Mrs. May could call a second referendum or even a general election, both steps that would require postponing Brexit.

With the U.K. set to quit the EU on March 29, time is running short. Mrs. May must set out the government’s next move by Monday. If, as is most likely, she opts to put a revised version of the deal to a revote, Parliament could be called to approve new wording within weeks.

Two-and-a-half years after the U.K. voted to leave the EU, British politics continues to tear itself apart over whether and how Britain should break away from its largest trading partner. The fractured political landscape caused by Brexit has made finding an agreement around which British lawmakers can coalesce impossible.

Despite the rejection of the Brexit deal, the unprecedented political situation in the U.K. leaves Mrs. May bizarrely invulnerable. Though the opposition Labour Party’s has called for a vote to try to topple her minority government and provoke a general election, it doesn’t have the parliamentary support to oust her party. And an effort by Conservative rebel lawmakers to get rid of Mrs. May as leader fell flat before Christmas.

Amid this political paralysis, there seems to be a majority in Parliament for only one thing: that the U.K. shouldn’t leave the EU come March without securing a deal to smooth its exit. Lawmakers Tuesday gave little clue as to how they would like to see the exit deal changed. Various amendments were proposed outlining potential changes to the withdrawal agreement. Three of the four proposed amendments were pulled and the fourth overwhelmingly rejected, offering little clarity on where parliament wants the Brexit deal to head.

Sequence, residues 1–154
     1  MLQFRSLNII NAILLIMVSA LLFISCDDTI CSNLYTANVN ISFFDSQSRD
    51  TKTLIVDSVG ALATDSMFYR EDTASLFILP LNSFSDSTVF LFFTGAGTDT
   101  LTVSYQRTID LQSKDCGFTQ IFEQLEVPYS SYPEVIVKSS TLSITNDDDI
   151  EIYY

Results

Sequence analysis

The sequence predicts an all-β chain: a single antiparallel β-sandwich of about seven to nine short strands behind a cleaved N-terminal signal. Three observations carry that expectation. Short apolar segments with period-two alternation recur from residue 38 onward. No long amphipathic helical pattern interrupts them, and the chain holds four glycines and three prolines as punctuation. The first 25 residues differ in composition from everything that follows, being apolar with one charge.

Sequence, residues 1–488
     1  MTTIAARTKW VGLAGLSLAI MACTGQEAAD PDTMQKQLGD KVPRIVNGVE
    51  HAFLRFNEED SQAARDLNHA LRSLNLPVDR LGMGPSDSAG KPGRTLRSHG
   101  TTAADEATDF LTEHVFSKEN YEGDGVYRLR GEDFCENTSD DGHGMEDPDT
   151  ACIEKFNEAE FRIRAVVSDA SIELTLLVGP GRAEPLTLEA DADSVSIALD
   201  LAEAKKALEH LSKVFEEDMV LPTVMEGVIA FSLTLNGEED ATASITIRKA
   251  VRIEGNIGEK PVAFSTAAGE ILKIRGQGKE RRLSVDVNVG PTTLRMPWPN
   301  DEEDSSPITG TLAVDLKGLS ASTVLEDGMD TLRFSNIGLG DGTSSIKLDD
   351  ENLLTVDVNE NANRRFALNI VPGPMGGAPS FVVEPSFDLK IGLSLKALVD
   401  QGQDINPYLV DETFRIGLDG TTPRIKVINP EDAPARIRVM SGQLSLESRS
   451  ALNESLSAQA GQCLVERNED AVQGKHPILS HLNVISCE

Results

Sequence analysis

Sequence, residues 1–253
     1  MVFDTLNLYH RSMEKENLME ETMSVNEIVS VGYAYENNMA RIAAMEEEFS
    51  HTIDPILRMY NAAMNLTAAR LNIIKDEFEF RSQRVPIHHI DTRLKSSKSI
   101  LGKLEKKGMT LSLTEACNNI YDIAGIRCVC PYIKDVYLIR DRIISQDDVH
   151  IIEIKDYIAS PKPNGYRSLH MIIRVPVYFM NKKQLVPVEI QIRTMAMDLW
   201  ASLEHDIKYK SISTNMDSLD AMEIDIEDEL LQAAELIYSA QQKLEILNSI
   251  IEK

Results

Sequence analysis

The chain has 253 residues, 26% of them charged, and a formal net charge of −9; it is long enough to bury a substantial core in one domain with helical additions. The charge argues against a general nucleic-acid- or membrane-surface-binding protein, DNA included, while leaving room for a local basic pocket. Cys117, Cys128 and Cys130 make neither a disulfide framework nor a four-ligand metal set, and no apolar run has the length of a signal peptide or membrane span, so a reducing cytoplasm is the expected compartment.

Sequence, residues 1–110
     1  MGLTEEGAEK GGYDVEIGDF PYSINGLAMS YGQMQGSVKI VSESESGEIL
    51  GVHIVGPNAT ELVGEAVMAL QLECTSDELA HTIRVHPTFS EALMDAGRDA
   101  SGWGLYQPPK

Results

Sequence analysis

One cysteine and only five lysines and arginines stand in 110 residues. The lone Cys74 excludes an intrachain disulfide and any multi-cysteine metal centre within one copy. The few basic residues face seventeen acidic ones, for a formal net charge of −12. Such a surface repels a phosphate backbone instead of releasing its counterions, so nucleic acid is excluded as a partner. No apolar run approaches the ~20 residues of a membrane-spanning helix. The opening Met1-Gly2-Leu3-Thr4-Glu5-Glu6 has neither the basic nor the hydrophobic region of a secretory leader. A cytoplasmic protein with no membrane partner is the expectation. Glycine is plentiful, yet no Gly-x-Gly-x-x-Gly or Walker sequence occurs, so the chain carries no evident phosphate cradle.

The compromise deal on offer ensured that when the U.K. quits the EU in March it can move into a yearslong transition period to buy time while it negotiates a trade agreement with its European counterparts. But British lawmakers balked at some of the provisions of the deal, in particular a clause that could see the U.K. indefinitely locked in a customs agreement with the EU to avoid a hard border appearing in the Island of Ireland.

Mrs. May spent the last month desperately trying to dredge up support for the deal, reaching out to opposition Labour lawmakers and trade union leaders. She also eked out a series of concessions from the EU to try to reassure lawmakers that the U.K.’s departure agreement would quickly translate into a deep trade deal between the two parties. The outcome of Tuesday’s vote suggests that it was too little, too late.

Given the diplomatic legwork that went into forging the initial withdrawal deal, however, government officials are reluctant to reopen the fraught talks with the EU. One avenue that could be explored is adding more details to a non-legally binding document that sets out the U.K.’s future relationship with the EU. Lawmakers want legally watertight promises that the U.K. would quickly be able to exit a transition period, stop paying money to the EU and have greater freedom to set its own rules.

The pound rose around 1% against the dollar in the moments following the vote, after having slid earlier Tuesday afternoon. For the day, the British currency was up 0.2% against the dollar at $1.28. The euro was lower by around 0.5%, buying $1.14.

Currency strategists said a substantial loss for Mrs. May’s proposal was at least partially baked into the price of sterling. A surprise result—especially fewer no votes than expected or an outright win for Mrs. May—could have sent the pound soaring against the dollar.